The world premiere of Intonations: Songs from the Violins of Hope, by composer Jake Heggie and librettist Gene Scheer, forms the powerful center of the new Pentatone release . . . emotionally devastating and cathartic.Announcing the CD release of Violins of Hope.
He Called His Song ‘American Anthem.’ It Actually Became One.
In his inaugural address, President Biden quoted Gene Scheer’s song, a patriotic hymn championed by the opera star Denyce Graves and recorded by Norah Jones for a Ken Burns soundtrack.Read the full feature article in The New York Times about the history of this beloved song.
Denyce Graves, one of Justice Ginsburg’s favorite opera singers, performs for her one last time.
Justice Ginsburg was a passionate opera fan from her youth, and one of her favorite singers, the American mezzo-soprano Denyce Graves, sang for her one last time on Friday at the Capitol ceremony. Ms. Graves, her voice reverberating off the marble of Statuary Hall, performed the spiritual “Deep River” and Gene Scheer’s “American Anthem.”
These musical instruments survived the Holocaust. Now they honor the musicians who did not.
The centerpiece of the instruments’ residency is the premiere of “Intonations,” Heggie’s song cycle, written to a libretto by Gene Scheer for mezzo-soprano Sasha Cooke with violinist Daniel Hope and a string quartet drawn from the Opera Orchestra. Each song represents the voice of a different violin, telling its own story.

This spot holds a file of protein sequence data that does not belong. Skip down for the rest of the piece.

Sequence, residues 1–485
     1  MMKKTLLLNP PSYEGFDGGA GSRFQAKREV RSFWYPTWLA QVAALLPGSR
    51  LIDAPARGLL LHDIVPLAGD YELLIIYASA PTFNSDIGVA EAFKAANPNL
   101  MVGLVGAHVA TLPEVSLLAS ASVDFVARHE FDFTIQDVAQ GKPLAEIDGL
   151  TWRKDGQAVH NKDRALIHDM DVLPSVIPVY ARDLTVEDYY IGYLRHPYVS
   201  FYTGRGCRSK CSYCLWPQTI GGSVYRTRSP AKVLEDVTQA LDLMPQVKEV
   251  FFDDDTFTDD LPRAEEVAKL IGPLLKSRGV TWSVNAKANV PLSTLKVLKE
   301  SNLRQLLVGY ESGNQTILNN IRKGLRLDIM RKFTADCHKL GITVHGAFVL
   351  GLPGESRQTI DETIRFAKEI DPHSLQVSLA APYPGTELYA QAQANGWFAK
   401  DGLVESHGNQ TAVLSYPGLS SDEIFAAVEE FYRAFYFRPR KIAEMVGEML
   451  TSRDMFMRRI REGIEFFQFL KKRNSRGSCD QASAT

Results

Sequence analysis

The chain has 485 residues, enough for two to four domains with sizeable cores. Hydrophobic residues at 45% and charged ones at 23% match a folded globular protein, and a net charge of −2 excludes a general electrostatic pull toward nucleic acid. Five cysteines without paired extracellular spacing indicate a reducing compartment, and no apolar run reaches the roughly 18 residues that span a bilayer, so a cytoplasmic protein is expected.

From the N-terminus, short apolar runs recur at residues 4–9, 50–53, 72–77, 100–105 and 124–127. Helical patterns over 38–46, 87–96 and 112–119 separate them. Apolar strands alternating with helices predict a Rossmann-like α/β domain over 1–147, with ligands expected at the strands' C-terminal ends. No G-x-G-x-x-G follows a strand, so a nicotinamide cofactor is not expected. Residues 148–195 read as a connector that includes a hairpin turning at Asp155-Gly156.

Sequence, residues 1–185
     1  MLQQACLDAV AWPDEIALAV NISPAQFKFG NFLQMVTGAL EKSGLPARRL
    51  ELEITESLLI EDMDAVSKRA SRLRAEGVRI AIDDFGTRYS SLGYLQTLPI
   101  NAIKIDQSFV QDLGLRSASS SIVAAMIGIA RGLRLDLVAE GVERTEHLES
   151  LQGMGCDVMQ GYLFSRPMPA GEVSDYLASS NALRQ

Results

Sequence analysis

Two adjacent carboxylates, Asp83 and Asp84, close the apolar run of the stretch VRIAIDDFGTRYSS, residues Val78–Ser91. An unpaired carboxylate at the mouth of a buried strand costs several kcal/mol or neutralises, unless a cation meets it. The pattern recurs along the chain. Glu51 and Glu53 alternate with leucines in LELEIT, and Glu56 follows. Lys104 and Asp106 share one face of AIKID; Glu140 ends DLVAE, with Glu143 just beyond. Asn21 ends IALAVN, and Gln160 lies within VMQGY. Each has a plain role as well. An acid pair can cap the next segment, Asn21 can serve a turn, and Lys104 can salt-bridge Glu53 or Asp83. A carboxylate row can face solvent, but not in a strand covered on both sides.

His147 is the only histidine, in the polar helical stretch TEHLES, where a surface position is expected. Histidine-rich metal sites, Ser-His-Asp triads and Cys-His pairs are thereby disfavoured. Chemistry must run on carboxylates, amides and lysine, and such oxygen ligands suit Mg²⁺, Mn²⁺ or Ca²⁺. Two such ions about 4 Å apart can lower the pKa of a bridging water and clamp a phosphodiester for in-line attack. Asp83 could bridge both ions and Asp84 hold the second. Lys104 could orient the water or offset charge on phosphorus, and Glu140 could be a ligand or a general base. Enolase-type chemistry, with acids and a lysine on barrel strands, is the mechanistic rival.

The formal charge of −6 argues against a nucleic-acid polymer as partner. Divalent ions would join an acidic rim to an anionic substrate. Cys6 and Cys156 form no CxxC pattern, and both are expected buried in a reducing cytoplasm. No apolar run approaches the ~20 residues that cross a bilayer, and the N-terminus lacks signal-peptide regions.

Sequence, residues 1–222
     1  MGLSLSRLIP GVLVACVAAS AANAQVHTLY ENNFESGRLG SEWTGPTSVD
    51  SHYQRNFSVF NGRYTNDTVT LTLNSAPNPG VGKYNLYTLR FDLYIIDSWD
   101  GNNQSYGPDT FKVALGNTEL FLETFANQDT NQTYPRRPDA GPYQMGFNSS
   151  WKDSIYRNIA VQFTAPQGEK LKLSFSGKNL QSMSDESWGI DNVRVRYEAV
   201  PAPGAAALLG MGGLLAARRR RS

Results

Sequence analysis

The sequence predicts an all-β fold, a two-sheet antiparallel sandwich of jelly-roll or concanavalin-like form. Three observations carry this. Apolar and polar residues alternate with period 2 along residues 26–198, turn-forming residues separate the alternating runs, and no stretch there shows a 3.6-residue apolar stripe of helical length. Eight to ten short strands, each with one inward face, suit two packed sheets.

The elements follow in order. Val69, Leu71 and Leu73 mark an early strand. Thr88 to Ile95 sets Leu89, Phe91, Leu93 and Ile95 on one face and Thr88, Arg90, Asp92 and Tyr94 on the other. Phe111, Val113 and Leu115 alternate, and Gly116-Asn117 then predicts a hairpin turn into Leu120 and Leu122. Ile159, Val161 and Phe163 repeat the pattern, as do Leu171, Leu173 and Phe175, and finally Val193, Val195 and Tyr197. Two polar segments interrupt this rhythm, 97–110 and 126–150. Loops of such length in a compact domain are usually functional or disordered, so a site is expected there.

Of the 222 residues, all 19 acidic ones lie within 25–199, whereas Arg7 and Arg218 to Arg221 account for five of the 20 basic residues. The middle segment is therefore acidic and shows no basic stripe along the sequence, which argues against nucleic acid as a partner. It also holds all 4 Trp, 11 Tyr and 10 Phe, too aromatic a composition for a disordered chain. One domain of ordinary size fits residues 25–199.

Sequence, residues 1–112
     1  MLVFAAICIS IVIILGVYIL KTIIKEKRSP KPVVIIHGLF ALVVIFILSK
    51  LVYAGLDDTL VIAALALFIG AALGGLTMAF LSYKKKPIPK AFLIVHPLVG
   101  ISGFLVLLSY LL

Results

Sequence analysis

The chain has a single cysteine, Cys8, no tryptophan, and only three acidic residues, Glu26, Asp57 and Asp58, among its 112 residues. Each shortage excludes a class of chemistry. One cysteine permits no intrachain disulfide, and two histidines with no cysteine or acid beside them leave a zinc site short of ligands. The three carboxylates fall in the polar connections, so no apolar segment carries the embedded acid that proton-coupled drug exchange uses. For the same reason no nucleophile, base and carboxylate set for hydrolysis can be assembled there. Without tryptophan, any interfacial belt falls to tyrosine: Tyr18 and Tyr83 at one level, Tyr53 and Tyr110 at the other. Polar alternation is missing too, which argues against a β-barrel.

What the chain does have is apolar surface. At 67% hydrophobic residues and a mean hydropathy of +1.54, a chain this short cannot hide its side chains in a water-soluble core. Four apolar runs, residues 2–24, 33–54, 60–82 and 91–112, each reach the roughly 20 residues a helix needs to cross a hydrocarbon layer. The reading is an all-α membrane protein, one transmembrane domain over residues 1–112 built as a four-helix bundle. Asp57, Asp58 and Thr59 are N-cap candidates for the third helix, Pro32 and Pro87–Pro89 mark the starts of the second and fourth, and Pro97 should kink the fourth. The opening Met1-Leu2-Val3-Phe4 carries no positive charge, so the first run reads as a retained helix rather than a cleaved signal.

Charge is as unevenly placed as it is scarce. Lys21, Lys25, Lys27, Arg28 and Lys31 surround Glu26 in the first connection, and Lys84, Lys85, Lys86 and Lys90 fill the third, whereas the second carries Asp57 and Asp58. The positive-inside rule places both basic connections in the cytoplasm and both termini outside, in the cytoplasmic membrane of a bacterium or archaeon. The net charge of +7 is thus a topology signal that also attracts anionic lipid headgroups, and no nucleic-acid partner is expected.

'Cold Mountain' Takes Civil War Odyssey To The Opera Stage
It's a story that could have been taken from a breaking news report: A soldier, gravely wounded in a brutal battle, flees the fighting to try and make his way home. Only this story is set during the Civil War. If that's starting to sound a little familiar, it probably should — it's the story of Cold Mountain, a best-selling novel and a star-studded 2003 movie. Now it's an opera, composed by Jennifer Higdon with a libretto by Gene Scheer. It premiered this past weekend, but its road to the stage was almost as difficult as the journey home of the main character...
Everest: The Cold Wrath Of Nature, Given Operatic Voice
Mount Everest is the world's highest mountain and one of the most dangerous, having claimed more than 200 lives over the past century. Until last year's fatal avalanche, the deadliest year in recorded history was 1996: 15 people died, eight of them in a single blizzard. That disaster has been chronicled in at least five books, two documentaries — and now, an opera premiering in Dallas, Texas, simply called Everest.
OPERA NEWS — Gene Scheer in His Own Words: Michael Slade chats with one of contemporary opera's busiest and best librettists.
What makes a successful libretto? The key is its ability to immediately and continually engage the audience; to be succinct while simultaneously creating a layered story and complex characters...Gene was interviewed by Michael Slade for a feature article in Opera News (July 2014, Vol. 79, No. 1). "What makes a successful libretto? The key is its ability to immediately and continually engage the audience; to be succinct while simultaneously creating a layered story and complex characters..."